To see more of Pepa Prieto‘s work, and you know you want to, please visit her website. Happy weekend, Artsies! What are you up to? We’ll be checking out Eureka’s local ArtWalk on Saturday, excited to share my finds with you next week!
All images via the artist’s website.
Like many women of my generation, I somehow missed An Affair to Remember until Meg Ryan brought it to my attention. It was beautiful, witty, romantic and sappy, just like a great chick flick is supposed to be. And Deborah Kerr’s Terry McKay was completely captivating and one of the first iconic female characters I thought of when beginning the Feminine Wiles series.
With her warm auburn locks and creamy complexion, the film’s wardrobe designer Charles Le Maire wisely capitalized on her natural palette by using autumnal peaches and oranges in her costumes peppered throughout the movie.
Deborah Kerr as Terry McKay in An Affair to Remember, acrylic on canvas panel, 6×6
The character is smart and sassy, beautiful but down to earth and practical. Characteristics perfectly portrayed with a warm, simmering palette.
I have no idea how many of these I’ll do, but am thinking of broadening soon into more contemporary film characters– maybe even by decade? Um, hello, Molly Ringwald anyone? To see more paintings in the Feminine Wiles series, check the archives here.
Film image linked above, art by Lesley Frenz aka Artsy Forager.
We are more than the color of our skin. Who we are inside and what we do are so much more, yet we’re often instantly judged on this one small detail. In his current series, Puerto Rican born artist Edgar Sanchez Cumbas explores in paint and mixed media the idea of discrimination based on skin color.
We often begin our lives being teased for what makes us different– maybe our skin is pale thanks to a Celtic heritage or perhaps we’re on the other end of the flesh color spectrum and feel excluded due to a complexion much darker than our contemporaries. Instead of embracing the beauty in our diversity, in our longing to belong we ostracize. We lose the ability to see not just see beyond color but to see all color as equal and equally beautiful.
Sanchez Cumbas explores these ideas through his sculptural paintings, the artist builds up thick layers of color and texture, which are then obscured by a large swath of color. Only small hints at the layers beneath remain visible.
To see more of Edgar Sanchez Cumbas’ work, please visit his website.
All images are via the artist’s website.
While I have a great love of work with lush, chaotic patterns and texture, there is always something so lovely and intriguing in work that embraces visual economy. Barcelona based, German born artist Sabine Finkenauer breaks down the world into simple lines and shapes, creating a signature visual language that is a little whimsical, a little retro and altogether lovely.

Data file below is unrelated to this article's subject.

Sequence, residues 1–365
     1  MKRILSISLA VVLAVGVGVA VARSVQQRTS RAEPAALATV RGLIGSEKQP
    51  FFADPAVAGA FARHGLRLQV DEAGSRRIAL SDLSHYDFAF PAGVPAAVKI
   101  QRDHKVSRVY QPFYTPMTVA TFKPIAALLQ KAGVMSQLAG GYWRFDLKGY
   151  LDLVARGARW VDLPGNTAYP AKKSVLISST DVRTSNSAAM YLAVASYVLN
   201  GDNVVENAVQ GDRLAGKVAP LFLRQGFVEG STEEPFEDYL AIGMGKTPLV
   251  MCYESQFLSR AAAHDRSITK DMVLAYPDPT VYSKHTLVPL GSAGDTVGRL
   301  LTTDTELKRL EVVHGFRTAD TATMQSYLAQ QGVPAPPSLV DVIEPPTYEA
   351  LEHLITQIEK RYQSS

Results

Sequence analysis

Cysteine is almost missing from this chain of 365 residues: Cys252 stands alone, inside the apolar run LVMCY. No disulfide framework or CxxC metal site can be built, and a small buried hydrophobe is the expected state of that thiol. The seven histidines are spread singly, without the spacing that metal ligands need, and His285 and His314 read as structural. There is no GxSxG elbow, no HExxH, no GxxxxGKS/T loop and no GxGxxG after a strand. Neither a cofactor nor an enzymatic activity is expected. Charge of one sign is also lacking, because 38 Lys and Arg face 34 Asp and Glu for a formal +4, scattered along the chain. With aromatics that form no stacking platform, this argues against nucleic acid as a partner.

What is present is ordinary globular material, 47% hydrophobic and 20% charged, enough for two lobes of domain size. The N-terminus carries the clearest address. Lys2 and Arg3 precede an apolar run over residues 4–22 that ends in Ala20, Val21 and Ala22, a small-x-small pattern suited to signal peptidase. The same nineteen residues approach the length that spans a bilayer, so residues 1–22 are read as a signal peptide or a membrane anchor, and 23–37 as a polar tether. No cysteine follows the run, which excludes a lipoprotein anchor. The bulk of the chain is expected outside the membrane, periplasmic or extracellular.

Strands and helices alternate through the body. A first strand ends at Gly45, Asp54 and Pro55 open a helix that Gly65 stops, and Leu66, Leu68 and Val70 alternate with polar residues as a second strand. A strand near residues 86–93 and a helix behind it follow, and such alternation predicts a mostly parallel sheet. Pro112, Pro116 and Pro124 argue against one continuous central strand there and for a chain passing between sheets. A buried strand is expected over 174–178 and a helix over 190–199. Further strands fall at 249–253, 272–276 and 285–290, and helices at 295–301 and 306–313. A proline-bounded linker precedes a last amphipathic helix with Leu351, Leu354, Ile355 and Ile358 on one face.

There is a childlike playfulness to her work, but her use of space and palette bring a sense of sophistication. Light-hearted enough to seem like Sunday afternoon doodles, looking closer and at her body of work as a whole, you can see the thought and calculation as she works her way through her use of space, line and color in drawing, painting, collage and sculpture.
Want to see more of Sabine Finkenauer‘s work? Please visit her website. Wouldn’t it be lovely to see the world in such a simple way? I’m making that a goal this week– ignore the distractions and see what is simply before me.
All images via the artist’s website.
Another week, another painting in my Feminine Wiles series to share with you! Feminine Wiles is a series of small abstract color studies based on iconic female film characters. My introduction to many of these films and characters came through my mom, with whom I share a love of sappy love stories, witty characters, and gorgeous design. One of her favorite character turns ( and mine!! ) is Barbara Streisand as Fanny Brice in Funny Girl.
images found here here here and here
I’ve always loved the palette of this film– filled with warm earthy browns and oranges, highlighted with delicate pinks and passionate reds– but when thinking about this project, I was struck by the reoccurring use of lavender hues on and around Fanny. Of course, this could have something to do with how the cool hues so beautifully compliment Streisand’s creamy complexion! But I like to think that costume designer Irene Sharaff and the production team were delicately clueing the audience in to the fact that the character of this young girl from Henry Street was destined for greatness.
Barbra Streisand as Fanny Brice in Funny Girl by Lesley Frenz
acrylic on canvas panel, 6×6
Purples hues are often associated with royalty, riches and power. So it isn’t surprising that Fanny would often assume a lavender glow. She was a star, but unlike Jo Stockton, one of her own making. She was confident in her talent and passionate in her pursuit of fame and stardom, even at personal loss.
Funny Girl still found here
In the end, despite setbacks and heartache, Fanny perseveres and shows that the strong will always survive. I’ve always thought there were great lessons to be learnt from Funny Girl– of tenacity, talent, love, humility and perseverance. Oh and let’s not forget that unbelievably beautiful voice!
To see more from the Feminine Wiles series, check out the archives here. Next week, a polarizing character and one of the most iconic! Hint: drapery.
Film image sources linked above, art images by Lesley Frenz.